The author’s uncanny grasp of Tom Maggs’s presence gives special resonance to the exploration of his life in a Suffolk village throughout The Great War. The only surviving son of William and Mary Maggs, Tom watches for lost ships out of his bedroom window on the second floor of the weathered Inn, The Blue Anchor. Tom draws the boats that are moored by the river and sits in the Sailor’s Reading Room, where he can marvel at the models. He imagines all the famous wrecks that have occurred in this part of the North Sea.
Although he’s only twelve years old and is considered by the village to be a cripple and suited to “another kind of work,” Tom is able to help his mother and Ann, his sister, with chores at the inn while also working with local ropemaker George Allard. Meanwhile, Tom’s teacher, Mr. Runnicles, enthralls the boy with tales of the sea. He warns Tom that if there’s a “war we’ll have to stay here on the coast and defend it from the enemy... Keep your eyes on the horizon and your ear to the ground.”
So begins the adolescent life of this artistic, sensitive boy whose father drowns in pint after pint of beer, blinded by his memories of the Boer War, while Mary and Ann must try to find a way to cope with the years. Neither Tom nor his parents will leave their insular village near the cold and indifferent fens. Tied to the ocean as is the rest of his family, the young boy seizes upon the Scottish artist Charles Rennie Mackintosh, who has come to Suffolk to live with his red-haired artist wife, Margaret MacDonald.
Tom is hopelessly attracted to the older man with his great black cape, his hat of felted wool and his bad foot. “Mac looks like Sherlock Holmes, a strange and mercurial man who lifts his pair of binoculars, his eyes straining to see all the way to Holland and onto Germany to see if what they say about the war is true. Meeting at his cottage, Tom longs to learn from him and from his wife. Propelled into his future, Tom hears about Mac’s career and how he made the Glasgow School of Art even when the life that he’d been born for is “now the life he has here.” Whether Mac and his wife are working at pictures of flowers and babies or writing letters to friends in foreign countries, neither is blind to the secret coves and currents of the coast.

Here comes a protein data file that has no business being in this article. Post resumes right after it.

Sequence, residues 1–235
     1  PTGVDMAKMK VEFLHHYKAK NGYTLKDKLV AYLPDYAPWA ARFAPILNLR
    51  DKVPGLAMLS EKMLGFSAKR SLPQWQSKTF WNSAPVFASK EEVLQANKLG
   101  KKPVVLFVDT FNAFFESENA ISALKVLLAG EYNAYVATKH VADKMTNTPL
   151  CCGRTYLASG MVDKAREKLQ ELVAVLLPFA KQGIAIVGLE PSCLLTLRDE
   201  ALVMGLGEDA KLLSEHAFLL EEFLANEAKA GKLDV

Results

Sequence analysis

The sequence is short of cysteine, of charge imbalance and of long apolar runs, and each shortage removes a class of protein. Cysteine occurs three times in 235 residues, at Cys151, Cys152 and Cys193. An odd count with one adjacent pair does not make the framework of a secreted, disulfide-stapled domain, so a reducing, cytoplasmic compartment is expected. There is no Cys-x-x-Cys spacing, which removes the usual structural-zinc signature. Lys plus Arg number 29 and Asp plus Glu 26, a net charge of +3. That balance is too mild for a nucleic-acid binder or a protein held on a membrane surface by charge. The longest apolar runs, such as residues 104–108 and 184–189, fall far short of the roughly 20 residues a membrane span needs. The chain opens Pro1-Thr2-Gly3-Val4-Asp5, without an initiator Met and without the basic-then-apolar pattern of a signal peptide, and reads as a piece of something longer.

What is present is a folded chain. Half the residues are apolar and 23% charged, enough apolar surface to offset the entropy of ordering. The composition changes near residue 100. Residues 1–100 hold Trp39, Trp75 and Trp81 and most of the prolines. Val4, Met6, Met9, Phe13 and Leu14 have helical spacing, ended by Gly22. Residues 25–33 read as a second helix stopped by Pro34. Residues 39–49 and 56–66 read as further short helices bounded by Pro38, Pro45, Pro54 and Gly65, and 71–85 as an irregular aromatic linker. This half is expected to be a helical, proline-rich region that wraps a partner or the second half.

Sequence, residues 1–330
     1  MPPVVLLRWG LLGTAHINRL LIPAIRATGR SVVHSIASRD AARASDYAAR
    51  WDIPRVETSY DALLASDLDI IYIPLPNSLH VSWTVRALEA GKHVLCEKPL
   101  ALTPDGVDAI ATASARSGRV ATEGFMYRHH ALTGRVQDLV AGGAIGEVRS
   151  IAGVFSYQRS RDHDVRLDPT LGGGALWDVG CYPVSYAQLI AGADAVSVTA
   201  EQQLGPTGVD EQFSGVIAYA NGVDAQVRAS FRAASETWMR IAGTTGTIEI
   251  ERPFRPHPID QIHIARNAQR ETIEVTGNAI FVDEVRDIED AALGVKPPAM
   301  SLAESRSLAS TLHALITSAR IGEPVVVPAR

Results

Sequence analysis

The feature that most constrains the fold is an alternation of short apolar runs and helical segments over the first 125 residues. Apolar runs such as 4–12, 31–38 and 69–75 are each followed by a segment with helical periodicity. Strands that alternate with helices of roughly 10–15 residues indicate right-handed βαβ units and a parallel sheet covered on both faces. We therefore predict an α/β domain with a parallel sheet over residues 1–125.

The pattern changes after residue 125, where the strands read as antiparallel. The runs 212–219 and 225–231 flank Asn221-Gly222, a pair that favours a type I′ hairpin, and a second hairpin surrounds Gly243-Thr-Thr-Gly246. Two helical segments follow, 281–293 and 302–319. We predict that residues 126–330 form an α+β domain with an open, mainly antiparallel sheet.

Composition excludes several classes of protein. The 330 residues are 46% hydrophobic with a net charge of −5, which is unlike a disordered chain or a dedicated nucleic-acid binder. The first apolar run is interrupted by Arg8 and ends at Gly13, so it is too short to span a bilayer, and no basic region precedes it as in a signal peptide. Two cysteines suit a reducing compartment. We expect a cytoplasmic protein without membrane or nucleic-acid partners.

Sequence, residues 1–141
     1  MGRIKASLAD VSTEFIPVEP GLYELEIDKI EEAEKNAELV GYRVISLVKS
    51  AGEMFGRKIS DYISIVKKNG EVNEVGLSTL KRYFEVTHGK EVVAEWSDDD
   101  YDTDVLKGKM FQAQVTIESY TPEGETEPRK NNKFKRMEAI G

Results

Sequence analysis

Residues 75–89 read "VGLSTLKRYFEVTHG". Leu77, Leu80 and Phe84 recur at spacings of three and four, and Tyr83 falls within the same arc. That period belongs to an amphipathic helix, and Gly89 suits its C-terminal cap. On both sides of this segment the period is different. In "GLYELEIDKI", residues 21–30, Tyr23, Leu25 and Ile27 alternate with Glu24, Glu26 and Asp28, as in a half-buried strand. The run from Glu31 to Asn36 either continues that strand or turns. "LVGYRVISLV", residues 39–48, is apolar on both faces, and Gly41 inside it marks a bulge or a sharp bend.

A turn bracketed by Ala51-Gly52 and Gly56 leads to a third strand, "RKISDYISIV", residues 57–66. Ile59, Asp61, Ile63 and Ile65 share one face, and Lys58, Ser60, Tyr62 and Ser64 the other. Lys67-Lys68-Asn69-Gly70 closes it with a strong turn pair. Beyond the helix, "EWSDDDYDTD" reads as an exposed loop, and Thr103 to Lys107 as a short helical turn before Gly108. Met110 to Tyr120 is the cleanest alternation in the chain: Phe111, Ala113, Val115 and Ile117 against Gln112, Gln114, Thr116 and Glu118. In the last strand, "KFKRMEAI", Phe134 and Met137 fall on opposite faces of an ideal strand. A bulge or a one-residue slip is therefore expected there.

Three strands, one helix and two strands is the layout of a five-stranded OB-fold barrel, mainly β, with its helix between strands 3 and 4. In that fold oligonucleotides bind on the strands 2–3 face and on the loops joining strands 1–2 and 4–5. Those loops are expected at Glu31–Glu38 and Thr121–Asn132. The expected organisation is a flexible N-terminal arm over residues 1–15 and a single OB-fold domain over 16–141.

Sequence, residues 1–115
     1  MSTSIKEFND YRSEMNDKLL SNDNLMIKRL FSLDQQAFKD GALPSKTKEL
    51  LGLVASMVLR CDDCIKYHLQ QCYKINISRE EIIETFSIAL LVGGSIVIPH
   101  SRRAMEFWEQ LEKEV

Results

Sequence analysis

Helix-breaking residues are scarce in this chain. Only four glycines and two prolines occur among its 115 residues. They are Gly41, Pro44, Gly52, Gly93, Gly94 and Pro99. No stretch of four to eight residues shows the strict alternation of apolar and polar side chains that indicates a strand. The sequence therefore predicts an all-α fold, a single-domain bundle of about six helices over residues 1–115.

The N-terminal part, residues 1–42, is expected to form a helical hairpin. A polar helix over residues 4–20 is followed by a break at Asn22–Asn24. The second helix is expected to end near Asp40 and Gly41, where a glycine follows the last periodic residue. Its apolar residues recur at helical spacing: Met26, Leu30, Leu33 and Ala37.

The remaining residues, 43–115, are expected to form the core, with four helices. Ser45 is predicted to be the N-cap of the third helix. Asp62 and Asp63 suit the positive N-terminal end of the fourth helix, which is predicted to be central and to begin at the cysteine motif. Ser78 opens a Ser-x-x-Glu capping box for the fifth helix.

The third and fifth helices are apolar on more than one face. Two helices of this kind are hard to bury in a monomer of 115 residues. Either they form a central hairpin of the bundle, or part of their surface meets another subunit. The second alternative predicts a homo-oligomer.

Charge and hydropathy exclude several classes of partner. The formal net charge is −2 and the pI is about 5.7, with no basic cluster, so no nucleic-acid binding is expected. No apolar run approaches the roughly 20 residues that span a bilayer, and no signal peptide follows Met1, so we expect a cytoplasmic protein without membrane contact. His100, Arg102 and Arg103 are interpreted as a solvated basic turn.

Freud skillfully transports us into Tom's inner world. Like Mac’s gorgeous rendering of larkspur, the crushed blue of canvas, and the borage of two lazing blue flowers, “the rock cress,” the paintings allow Tom to see his surroundings with a new sense of purpose: the glittering sky and the marsh with its pebbled tower; the graveyard where the nesting starlings
symbolize Tom’s long-lost siblings, and the singing of the herring girls as they pack the barrels--and the thunderous zeppelins that fly directly overhead, filling the sky like a “second moon” as they follow the railway line inland.
The novel is simple, poignant, and unique, and the prose flows fluidly, making it impossible not to fall completely into the story even when the novel sometimes lacks real narrative thrust. As Tom strains his ears for the high whine of the bombs about to fall, he learns how “Old Mac’s” business went down in Glasgow, that he fell ill and it was his wife who buoyed him up with money of her own. Tom’s friendship with this artist and his wife provide Tom solace as he reads the Defense of the Realm Act of 1914: there will be no discussing of military business, or spreading gossip about the war. Then there is Ann, who clings to a thread of hope for
her lover’s survival after his ship is torpedoed by the Germans. Ann also feels the isolation of being alone, even when she falls for another soldier, their affair secret to everyone except Tom. Mary Maggs too has secrets of her own, and the days she spends with her abusive, drunken husband are filled with heartache.
As Freud focuses on the interconnected fabric of life, especially how we connect to the natural world, Tom’s memories become a series of tableaus disconnected from the present while distant guns of war chime like thunder. From the wounded faces of the soldier-victims whose realities Tom must someday face, Freud writes a sensitive, heartbreaking tale of one boy’s coming of age and how external forces shape his future
as they also face the world in which he lives.